Trusts and Estates

Ca. Trs. & Estates Quarterly 2021, Volume 27, Issue 2


By Ellen McKissock, Esq.*

The buzz around the trusts and estates community is: You should watch the Netflix original I Care a Lot1 about a court-appointed legal guardian who obtains guardianships ex parte, institutionalizes her wards, then sells their assets for her own profit. Reviews call the movie a "dark comedy" or an "unnerving thriller," but for those of us practicing in the field, the film comes close to an uncomfortable reality. Articles about the movie range from asking, "wait a minute, did that really happen?"2 to declaring "The Shocking True Stories Behind Netflix’s ‘I Care a Lot’."3 Though the Netflix flick is fictional, sadly, the movie was inspired by true events. In 2017, Journalist Rachel Aviv wrote a disturbing article in The New Yorker documenting abuses in Las Vegas, Nevada by Private Professional Guardians April Parks and Jared Shafer and enabled by Guardianship Commissioner Jon Norheim.4

According to Aviv, in 2017 there were a million and a half adult Americans under the care of guardians who controlled some $270-$300 billion in assets.5 Over the last twenty years, the Las Vegas Valley has touted itself as a retirement paradise, resulting in an eighty percent increase in new Nevada residents over the age of eighty-five in just the past decade.6 With the influx of elders, there was an explosion of private guardians and the court’s dockets swelled with new cases: "The court became a factory."7 Aviv tells the stories of ten different wards, all in Nevada, all whose assets were sold and whose family members could not prevent or assume control of the guardianship proceedings.8 One daughter finally resorted to kidnapping her father and taking him beyond the jurisdiction of the court to California.9 Aviv hypothesized that sometimes doctors or nursing homes, whose bills went unpaid, resorted to seeking a guardianship that could liquidate the elder’s assets or move them out of their facility10 The Private Professional Guardians who developed a relationship with the overburdened Guardianship Commissioner were viewed by him as "social worker types," and he appointed wards to them so often that they managed as many as one hundred wards at a time.11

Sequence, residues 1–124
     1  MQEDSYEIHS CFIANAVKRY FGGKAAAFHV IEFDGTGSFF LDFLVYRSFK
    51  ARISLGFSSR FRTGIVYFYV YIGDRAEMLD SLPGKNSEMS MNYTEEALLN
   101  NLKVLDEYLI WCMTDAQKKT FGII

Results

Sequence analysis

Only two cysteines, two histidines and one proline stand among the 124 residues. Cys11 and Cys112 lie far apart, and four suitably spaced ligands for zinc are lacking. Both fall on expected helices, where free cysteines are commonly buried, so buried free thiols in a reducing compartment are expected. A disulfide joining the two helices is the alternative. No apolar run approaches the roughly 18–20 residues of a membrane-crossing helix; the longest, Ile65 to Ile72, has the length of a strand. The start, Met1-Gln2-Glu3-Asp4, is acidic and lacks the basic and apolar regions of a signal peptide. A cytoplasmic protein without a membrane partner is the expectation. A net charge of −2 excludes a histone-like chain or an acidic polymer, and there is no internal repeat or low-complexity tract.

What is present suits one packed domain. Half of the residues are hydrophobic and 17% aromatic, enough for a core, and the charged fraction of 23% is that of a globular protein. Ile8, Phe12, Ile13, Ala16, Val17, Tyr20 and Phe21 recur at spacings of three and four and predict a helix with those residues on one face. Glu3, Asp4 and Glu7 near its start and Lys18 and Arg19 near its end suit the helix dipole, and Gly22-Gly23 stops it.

While these facts seem hard to believe, the article’s more incredible statement is that these wards had no legal representation before the court.12 My first reaction was: "That cannot be true." My second reaction was: "Well, that is Nevada." We are California and we do provide court-appointed counsel. But just how effective is court-appointed counsel in representing the interests of conservatees they are appointed to represent? As Trusts & Estates Executive Committee ("TEXCOM") member Ralph Hughes and his partner, Anne Rudolph, wrote in The Quarterly in 2019, some courts in our state encourage or even require court-appointed counsel to be the court’s informant or a substitute for the court investigator.13 The appointed attorney is often required to provide the court with a report of what the attorney believes is in the best interest of the attorney’s client, rather than act as an advocate for the client’s wishes.14 These court requirements conflict with an attorney’s duty of absolute loyalty to the client and with an attorney’s absolute duty of confidentiality.15

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